After Samsung was investigated by the National Development and Reform Commission of China at the end of last year, the Chinese anti-trust agency recently interviewed the world's third largest memory chip producer, Micron. The survey may involve DRAM price hikes and abuse of market dominance last year to suppress Chinese companies.

In the past two years, as DRAM prices have remained high, the revenue of upstream manufacturers has increased dramatically. In addition to Samsung’s revenue and innovation record, Micron’s financial report for the second quarter of 2018, announced on the 22nd, also surpassed the best record in history. The financial report shows that Micron’s revenue in the second quarter of 2018 reached US$7.35 billion, an increase of 58% year-on-year.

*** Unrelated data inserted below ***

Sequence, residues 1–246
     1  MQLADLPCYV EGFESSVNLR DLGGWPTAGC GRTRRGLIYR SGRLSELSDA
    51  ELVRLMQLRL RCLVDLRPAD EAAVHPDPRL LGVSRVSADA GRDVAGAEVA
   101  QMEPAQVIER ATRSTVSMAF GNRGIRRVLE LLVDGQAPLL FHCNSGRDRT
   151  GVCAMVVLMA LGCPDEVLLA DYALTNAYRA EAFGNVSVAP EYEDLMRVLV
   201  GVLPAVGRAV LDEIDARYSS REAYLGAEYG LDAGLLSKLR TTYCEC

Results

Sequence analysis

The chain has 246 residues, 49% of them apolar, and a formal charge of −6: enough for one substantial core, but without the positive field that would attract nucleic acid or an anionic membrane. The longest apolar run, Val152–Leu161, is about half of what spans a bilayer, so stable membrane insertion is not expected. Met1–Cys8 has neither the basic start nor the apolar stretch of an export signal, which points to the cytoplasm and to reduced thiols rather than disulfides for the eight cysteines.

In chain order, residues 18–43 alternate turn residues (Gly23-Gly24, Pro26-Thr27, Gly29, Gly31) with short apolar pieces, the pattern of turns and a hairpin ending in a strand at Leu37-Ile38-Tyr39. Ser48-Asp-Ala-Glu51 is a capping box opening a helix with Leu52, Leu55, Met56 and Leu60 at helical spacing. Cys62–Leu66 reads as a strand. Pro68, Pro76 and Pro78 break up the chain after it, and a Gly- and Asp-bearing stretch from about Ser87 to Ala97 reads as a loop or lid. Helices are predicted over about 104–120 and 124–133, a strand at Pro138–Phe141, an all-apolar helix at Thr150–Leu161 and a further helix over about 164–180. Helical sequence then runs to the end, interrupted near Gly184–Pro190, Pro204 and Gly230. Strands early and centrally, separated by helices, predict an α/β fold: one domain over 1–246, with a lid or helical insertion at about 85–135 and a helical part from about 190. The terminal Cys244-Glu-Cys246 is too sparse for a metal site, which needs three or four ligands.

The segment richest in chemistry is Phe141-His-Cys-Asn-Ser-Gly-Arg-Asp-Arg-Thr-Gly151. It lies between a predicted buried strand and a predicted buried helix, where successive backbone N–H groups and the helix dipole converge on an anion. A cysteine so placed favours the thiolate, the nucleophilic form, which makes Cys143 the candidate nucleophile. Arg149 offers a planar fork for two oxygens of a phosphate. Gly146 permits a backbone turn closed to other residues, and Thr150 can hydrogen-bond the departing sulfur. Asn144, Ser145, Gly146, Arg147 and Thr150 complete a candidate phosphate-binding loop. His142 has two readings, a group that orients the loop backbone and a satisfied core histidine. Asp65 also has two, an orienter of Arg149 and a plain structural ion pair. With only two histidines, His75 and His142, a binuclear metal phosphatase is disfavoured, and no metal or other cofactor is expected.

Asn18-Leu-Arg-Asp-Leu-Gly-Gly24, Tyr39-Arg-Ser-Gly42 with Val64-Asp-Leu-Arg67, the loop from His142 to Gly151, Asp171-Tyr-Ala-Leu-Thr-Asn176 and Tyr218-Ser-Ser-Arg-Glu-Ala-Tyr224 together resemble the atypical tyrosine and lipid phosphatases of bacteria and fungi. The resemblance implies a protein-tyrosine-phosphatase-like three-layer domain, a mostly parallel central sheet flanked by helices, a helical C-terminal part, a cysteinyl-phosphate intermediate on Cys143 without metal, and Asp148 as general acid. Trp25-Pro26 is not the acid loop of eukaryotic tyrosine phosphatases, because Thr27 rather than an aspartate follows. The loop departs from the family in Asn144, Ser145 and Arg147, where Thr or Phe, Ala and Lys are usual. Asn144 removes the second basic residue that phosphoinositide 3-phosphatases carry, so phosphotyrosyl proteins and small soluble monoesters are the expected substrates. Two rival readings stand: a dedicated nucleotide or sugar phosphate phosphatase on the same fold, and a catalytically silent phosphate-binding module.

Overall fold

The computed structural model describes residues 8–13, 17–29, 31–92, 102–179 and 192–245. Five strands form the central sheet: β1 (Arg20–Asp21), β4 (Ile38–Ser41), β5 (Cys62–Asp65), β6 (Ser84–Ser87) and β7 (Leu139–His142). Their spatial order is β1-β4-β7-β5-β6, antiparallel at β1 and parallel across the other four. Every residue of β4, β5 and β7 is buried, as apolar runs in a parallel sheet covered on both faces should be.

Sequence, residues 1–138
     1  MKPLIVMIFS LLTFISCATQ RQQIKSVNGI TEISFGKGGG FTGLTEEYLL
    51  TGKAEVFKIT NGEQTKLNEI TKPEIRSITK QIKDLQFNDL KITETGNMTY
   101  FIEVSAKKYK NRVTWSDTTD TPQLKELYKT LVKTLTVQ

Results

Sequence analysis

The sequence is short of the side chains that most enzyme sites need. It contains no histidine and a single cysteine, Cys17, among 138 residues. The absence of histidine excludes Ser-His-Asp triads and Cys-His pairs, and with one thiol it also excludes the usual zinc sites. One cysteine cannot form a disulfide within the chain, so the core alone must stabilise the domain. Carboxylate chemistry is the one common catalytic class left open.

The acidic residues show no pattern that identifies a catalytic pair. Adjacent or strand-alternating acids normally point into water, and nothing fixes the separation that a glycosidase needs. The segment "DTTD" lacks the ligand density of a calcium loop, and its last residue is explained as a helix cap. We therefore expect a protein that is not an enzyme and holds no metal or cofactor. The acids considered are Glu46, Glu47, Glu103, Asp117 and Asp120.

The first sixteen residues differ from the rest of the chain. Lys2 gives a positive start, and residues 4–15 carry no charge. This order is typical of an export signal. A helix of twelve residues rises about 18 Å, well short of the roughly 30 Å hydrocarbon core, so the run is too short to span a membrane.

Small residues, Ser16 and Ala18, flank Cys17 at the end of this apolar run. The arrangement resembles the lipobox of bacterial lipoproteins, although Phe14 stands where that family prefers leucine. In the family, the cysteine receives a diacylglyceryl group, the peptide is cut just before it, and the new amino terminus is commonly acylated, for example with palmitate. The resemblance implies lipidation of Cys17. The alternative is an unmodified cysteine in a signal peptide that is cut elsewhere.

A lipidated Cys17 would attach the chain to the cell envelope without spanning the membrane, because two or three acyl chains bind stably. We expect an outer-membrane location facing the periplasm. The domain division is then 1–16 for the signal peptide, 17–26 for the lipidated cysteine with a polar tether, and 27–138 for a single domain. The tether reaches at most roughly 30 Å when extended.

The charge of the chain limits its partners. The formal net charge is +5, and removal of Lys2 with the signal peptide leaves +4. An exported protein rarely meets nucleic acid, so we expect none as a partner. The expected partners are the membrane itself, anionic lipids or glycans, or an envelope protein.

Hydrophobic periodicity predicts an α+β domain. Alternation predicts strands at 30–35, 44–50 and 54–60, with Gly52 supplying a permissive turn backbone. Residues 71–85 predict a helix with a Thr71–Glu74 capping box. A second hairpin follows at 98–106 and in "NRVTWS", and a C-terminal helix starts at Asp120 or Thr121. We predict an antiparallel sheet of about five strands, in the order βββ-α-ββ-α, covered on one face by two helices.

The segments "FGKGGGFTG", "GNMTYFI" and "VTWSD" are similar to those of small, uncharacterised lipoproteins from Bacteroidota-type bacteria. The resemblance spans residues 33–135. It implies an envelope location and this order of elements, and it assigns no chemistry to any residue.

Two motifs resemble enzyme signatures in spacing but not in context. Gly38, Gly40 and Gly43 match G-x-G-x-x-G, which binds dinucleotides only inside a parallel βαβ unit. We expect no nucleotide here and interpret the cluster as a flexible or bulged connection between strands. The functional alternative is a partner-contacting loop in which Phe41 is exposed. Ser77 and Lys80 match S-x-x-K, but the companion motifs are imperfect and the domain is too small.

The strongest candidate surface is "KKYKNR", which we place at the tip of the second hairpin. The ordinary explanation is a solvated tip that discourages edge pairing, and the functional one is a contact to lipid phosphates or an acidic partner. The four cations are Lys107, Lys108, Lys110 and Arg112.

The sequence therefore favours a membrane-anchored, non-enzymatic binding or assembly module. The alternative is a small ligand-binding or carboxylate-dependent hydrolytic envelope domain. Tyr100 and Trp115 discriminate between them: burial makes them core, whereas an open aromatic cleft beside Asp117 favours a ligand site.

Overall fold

While the storage industry is being dominated by Samsung, Hynix, and Micron, the industry is increasingly questioning the three major manufacturers for reaching a tacit understanding and manipulating market prices.

Last month, Samsung, Hynix, and Micron faced litigation in the United States. The three companies were accused of colluding between 2016 and 2017 to limit the supply of various DRAM products on the market, artificially driving up DRAM prices. According to the data, as of mid-2017, Samsung, Hynix, and Micron all accounted for 96% of the global DRAM chip market share. In the period of lawsuit charges, the price of DRAM rose by 130%.

According to the provisions of China's anti-monopoly law, the market share accounts for more than 50%, which can be presumed to have a dominant market position. Whether or not it is suspected of monopoly can not rely solely on market share as the basis for determination, but on the basis of whether or not the implementation of antimonopoly law provides specific monopoly behavior. If the investigation proves that the three major manufacturers jointly increase prices, it constitutes a monopoly behavior which prohibited by China’s anti-monopoly law.